Emily Dickinson

This is from a zine I called “The Breakfast of Lampoons”. Many people found it incomprehensible, so later I wrote explaining the breakfast.

Emily Dickinson is one of the biggest jokers in poetry.

883 (variant “Lampoons”)

The Poets write Lampoons—
Themselves—in doubt—
The Laughs they simulate—
If very loud

Inherited of Sons—
And of their Friends—
Disseminating their

I say “variant ‘Lampoons’” because the variorum edition of Dickinson’s poems includes an alternative. She’s smart—even her jokes have winter coats of meaning. In the second line, Dickinson uses her habitual ellipsis to ironic ends. What is it that the poets are in doubt of? It must read, the poets write lampoons, despite their own doubt in their sense of humor. They’re so unsure, they have to pretend to laugh. In short, the poetic satirists, who ought to be the experts, doubt their own competence.

“Inherited of Sons” cleverly reinforces the point, in a way most 19th centurions wouldn’t have noticed. At the time she wrote, major property was customarily passed down to sons. In fact, women’s property rights were barely protected by law. A radfem, she saw this financial disenfranchisement as socially damaging—in a word, stupid. So the propagators of this system are stupid, including the poets themselves.

Here’s a better known one. (No variant, this is the main version.)


I would not paint—a picture—
I’d rather be the One
Its bright impossibility
To dwell—delicious—on—
And wonder how the fingers feel
Whose rare—celestial—stir—
Evokes so sweet a Torment—
Such sumptuous—Despair—

I would not talk, like Cornets—
I’d rather be the One
Raised softly to the Ceilings—
And out, and easy on—
Through Villages of Ether—
Myself endued Balloon
By but a lip of Metal—
The pier to my Pontoon—

Nor would I be a Poet—
Its finer—own the Ear—
The License to revere,
A privilege so awful
What would the Dower be,
Had I the Art to stun myself
With Bolts of Melody!

This is subtler and more blatant. If you read it as a statement from Dickinson herself, it’s self-contradictory: “Nor would I be a poet.” So you must take it as the statement of a fictional speaker. But to come up with such a poem, mustn’t the speaker be the poet? The work shows a poet’s creativity and attention to detail—it’s unmistakeably Dickinson. Clearly, this poem is also about stupidity. It’s about the reader’s stupidity, in falling into the facile trap of wondering whether the speaker is the poet (the “bright impossibility”). It’s about the poet’s stupidity too, in wasting time on silly cognitive loops when she could be bashing her brains out with language (“to stun myself/With Bolts of Melody”). [Surely nobody could write such a loopy poem without this ability; she’s lying when she says she doesn’t have it.] The speaker themself manages to temporarily rise above the contradiction, as a figurative balloon, but is finally captured by the comical “pier to my Pontoon,” which grounds the balloon just as the pier connects the pontoon to land.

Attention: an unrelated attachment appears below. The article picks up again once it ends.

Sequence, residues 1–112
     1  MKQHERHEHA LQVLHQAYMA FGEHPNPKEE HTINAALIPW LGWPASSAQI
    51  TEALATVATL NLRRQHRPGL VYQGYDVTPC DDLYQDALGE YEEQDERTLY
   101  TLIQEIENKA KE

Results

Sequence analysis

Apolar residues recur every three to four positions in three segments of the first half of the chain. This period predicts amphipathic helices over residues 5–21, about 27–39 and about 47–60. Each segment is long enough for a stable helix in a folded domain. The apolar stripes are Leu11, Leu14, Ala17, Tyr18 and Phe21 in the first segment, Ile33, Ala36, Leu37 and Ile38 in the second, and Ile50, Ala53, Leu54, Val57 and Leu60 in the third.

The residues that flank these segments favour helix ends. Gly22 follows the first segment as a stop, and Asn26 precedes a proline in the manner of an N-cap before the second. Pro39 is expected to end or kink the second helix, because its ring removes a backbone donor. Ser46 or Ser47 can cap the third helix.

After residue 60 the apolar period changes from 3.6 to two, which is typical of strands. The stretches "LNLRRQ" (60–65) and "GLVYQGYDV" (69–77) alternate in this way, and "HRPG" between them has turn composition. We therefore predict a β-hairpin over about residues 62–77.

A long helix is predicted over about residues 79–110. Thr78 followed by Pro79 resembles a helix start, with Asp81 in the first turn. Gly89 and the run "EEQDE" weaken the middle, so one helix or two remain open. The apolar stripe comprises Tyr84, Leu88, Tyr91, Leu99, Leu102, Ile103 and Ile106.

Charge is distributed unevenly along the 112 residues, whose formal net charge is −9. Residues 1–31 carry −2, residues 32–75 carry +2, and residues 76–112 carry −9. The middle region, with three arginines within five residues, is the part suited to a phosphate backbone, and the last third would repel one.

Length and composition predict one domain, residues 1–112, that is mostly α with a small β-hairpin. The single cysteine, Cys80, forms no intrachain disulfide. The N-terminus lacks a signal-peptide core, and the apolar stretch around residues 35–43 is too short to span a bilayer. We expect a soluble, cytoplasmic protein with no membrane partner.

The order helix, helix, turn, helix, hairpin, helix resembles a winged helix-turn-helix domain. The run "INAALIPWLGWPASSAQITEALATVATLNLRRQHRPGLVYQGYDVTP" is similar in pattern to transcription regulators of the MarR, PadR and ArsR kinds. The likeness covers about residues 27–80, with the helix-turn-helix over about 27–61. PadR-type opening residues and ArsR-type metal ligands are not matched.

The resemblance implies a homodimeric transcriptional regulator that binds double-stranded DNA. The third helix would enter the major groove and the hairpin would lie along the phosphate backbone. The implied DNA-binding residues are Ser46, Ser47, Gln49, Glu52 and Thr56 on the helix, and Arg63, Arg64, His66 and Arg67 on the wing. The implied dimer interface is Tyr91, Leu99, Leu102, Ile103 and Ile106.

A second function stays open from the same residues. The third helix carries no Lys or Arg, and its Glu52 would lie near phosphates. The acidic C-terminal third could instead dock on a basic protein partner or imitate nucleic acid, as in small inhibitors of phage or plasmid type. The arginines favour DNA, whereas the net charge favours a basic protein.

catch the irony (it’s an epidemic)

It’s odd that so little is known of Emily Dickinson’s life. But the oddness multiplies when you realize that the other great poet of the English language, Shakespeare, is even less well biographized. What can account for the strange coincidence of ignorance? I believe that Dickinson and Shakespeare were actually the same organism, a microscopic ocean plant, under the influence of unholy forces. The evidence implicates the metal alien giraffes of planet Baryon Number Four, who on October 25, 1962, caught a stony-irony asteroid in a carbon-carbon reticular formation, and fired it to April 15, 1862, where the blue Cerenkov light of relativistic ideas burst about the startled phytoplanktonic energumen, inspiring it in new transtemporal might to retroactively compose the works of Shakespeare, and proactively the three volume 1955 Harvard variorum edition of Emily Dickinson. All the rest is illusion. You may quote me.

updated 28 June 2000